Space Center Houston
We didn’t make it too far today, mainly because Space Center Houston proved to deserve a whole day of our attention. We’d vaguely intended to spend about three hours there before heading to Austin, but found ourselves staying until closing time as there was so much space fun to explore!
Space Center Houston is attached to the Johnson Space Center, which is where much of NASA’s astronaut training is based, and, most famously, where Mission Control is situated. You can take tram tours to both Mission Control and Building 9 – a development and astronaut training centre – and as we couldn’t choose, we did both.
At Building 9, astronauts prepare for their experience in space by training on a life-size mock-up of the International Space Station. We saw someone attached to a harness preparing to complete tasks while floating, and also a team working on the development of the alarmingly-named but surprisingly cute Valkyrie, a space robot that, it is in intended, will complete menial space tasks on the ISS, freeing up astronauts to spend more time on science.
Mission Control was also very cool – the iconic mission control of the moon landings and Apollo 13’s ‘Houston, we have a problem‘ is now no longer used, but has been preserved exactly as it was in the 60s, ashtrays in the backs of seats and all. It’s certainly impressive to think that all of the space age achievements of the 60s were undertaken with less computing power than one would find today in a mobile phone – guess Cold War superpower rivalry (plus the contribution of a couple of Nazi rocket scientists) really did drive innovation…
The tour also takes you to Rocket Park, where there is a surviving example of the Saturn V rocket that was used to power the Mercury and Apollo missions – it’s been restored and is absolutely massive, so much so that it is lying on its side inside its gigantic shed.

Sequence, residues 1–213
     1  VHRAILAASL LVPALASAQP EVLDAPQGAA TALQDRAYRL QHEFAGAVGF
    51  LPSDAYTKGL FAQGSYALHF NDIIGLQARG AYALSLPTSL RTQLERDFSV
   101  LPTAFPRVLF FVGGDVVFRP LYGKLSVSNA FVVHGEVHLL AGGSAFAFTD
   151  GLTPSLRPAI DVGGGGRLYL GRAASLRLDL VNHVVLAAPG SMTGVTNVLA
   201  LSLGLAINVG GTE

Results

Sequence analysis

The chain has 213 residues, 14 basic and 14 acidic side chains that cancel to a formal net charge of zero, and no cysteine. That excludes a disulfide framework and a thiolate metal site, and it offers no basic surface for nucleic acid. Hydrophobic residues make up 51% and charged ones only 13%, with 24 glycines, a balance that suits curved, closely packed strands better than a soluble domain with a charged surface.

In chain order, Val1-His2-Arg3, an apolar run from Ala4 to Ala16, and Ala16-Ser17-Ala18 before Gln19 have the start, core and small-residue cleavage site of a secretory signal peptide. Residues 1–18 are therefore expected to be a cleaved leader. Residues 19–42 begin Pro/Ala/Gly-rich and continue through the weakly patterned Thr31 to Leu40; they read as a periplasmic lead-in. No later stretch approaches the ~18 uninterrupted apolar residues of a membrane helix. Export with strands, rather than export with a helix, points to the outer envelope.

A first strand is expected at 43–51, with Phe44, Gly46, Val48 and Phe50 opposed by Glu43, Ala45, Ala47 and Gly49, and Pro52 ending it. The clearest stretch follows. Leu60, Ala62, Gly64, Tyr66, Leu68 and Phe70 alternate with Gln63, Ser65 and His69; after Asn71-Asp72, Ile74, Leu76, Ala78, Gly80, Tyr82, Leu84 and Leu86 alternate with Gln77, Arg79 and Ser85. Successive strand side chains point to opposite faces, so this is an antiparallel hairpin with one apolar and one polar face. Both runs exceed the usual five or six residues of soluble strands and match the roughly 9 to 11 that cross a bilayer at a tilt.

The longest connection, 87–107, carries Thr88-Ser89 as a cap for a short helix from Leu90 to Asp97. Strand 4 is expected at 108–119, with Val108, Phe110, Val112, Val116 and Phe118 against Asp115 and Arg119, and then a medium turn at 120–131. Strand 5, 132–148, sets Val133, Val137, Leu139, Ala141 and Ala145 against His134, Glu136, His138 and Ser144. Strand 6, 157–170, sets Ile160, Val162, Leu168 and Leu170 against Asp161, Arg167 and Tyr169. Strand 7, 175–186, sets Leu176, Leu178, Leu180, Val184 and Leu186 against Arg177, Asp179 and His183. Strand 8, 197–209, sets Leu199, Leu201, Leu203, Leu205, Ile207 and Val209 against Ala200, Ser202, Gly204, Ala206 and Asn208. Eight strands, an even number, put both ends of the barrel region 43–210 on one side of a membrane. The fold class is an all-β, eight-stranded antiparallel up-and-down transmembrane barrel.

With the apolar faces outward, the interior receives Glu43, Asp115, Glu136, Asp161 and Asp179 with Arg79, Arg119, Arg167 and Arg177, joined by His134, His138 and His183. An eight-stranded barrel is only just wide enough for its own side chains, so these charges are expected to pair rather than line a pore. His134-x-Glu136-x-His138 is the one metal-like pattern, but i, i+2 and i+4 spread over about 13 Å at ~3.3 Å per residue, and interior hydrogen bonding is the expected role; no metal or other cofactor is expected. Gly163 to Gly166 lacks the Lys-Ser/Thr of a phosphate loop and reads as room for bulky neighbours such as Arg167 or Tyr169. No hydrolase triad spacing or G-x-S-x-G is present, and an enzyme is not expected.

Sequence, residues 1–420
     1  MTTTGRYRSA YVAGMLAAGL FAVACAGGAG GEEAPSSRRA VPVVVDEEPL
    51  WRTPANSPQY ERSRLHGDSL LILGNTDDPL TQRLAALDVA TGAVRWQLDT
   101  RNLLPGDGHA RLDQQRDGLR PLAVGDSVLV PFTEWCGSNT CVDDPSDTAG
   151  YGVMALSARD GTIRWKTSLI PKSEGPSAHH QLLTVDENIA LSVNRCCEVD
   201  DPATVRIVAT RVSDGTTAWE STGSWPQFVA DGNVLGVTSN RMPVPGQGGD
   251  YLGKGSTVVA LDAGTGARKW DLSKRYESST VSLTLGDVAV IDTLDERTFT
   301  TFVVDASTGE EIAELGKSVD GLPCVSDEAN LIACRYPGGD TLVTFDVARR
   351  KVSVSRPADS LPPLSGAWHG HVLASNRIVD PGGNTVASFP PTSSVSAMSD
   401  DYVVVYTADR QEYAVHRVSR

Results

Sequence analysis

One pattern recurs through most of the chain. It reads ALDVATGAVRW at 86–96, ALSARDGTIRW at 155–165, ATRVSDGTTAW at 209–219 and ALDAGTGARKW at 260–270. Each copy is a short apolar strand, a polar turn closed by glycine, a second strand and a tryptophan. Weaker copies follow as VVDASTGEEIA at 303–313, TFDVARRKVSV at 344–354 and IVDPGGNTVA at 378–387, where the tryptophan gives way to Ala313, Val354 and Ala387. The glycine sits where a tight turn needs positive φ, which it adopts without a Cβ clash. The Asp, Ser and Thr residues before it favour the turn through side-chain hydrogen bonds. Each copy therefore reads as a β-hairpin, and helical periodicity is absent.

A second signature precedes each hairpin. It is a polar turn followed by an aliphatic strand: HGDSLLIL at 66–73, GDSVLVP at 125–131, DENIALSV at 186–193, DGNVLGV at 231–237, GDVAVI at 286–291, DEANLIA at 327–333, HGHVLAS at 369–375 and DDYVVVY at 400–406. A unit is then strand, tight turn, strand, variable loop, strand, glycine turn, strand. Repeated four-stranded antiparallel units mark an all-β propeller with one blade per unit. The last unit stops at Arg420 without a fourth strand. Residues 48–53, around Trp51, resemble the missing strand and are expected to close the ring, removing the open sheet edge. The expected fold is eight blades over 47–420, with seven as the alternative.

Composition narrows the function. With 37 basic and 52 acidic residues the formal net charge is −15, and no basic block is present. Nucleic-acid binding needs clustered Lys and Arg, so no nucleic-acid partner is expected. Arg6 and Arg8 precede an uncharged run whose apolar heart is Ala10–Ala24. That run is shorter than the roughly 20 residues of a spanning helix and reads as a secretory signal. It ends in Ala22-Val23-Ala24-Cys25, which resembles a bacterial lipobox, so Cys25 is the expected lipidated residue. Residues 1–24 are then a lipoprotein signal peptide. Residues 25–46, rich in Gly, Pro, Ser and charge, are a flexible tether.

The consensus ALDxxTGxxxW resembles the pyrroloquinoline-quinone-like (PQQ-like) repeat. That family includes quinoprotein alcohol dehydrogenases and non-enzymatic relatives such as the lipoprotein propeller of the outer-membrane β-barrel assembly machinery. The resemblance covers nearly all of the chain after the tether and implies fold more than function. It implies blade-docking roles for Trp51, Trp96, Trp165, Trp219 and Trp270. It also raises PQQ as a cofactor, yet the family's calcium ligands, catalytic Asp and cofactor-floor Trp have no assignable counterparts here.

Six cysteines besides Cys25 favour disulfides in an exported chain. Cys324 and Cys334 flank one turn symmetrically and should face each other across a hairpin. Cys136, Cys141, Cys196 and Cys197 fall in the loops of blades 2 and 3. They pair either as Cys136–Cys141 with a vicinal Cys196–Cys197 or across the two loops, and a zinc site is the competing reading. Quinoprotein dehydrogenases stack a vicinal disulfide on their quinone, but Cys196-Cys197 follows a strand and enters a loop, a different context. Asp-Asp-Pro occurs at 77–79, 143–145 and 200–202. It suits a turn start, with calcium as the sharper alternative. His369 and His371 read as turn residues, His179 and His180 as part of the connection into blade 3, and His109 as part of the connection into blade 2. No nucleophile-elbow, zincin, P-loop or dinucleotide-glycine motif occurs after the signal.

Outside there are a couple of early rockets stood upright, including the Little Joe II below, a rocket for the early Apollo missions.
Back at the Space Center, there are lots of fascinating exhibits, including moon rock, and actual capsules that from the early Mercury space program (there is a tiny, tiny mention at the bottom of the explanation that the Soviets got there first). The Mercury crafts were absolutely miniscule and were essentially tin cans in orbit – the “Faith 7” that we saw, and that was used to propel Gordon Cooper into orbit for 34 hours in 1963, was aptly named, as you would have needed a lot of belief to volunteer to go for a spin around the atmosphere in this:
There is also lots of information about the Space Shuttle age; a new exhibit is Independence Plaza, a mock-up of a shuttle rested atop the actual restored Boeing 747 that was used to ‘piggyback’ the Space Shuttles back from their landing sites to Florida. There was also a great talk (delivered by a wonderfully enthusiastic scientist who was clearly absolutely passionate about space) about the scientific developments that can occur in the zero-gravity environment of the ISS, which was absolutely fascinating to hear about.
Overall, Space Center Houston hadn’t been my idea to visit, but I’m so, so glad we went. It recaptured the excitement about space that you feel as a child reading about the moon landings, and I’m now following various NASA-related twitter accounts, including the adventures of a robot named Valkyrie.
Highlights: Space Center!
Lowlights: A half hour period where I thought I’d lost my phone and was wandering aimlessly around the Space Center in search of it, only to find it had slipped down the side of the car seat.
Up next: Boiling heat and bats…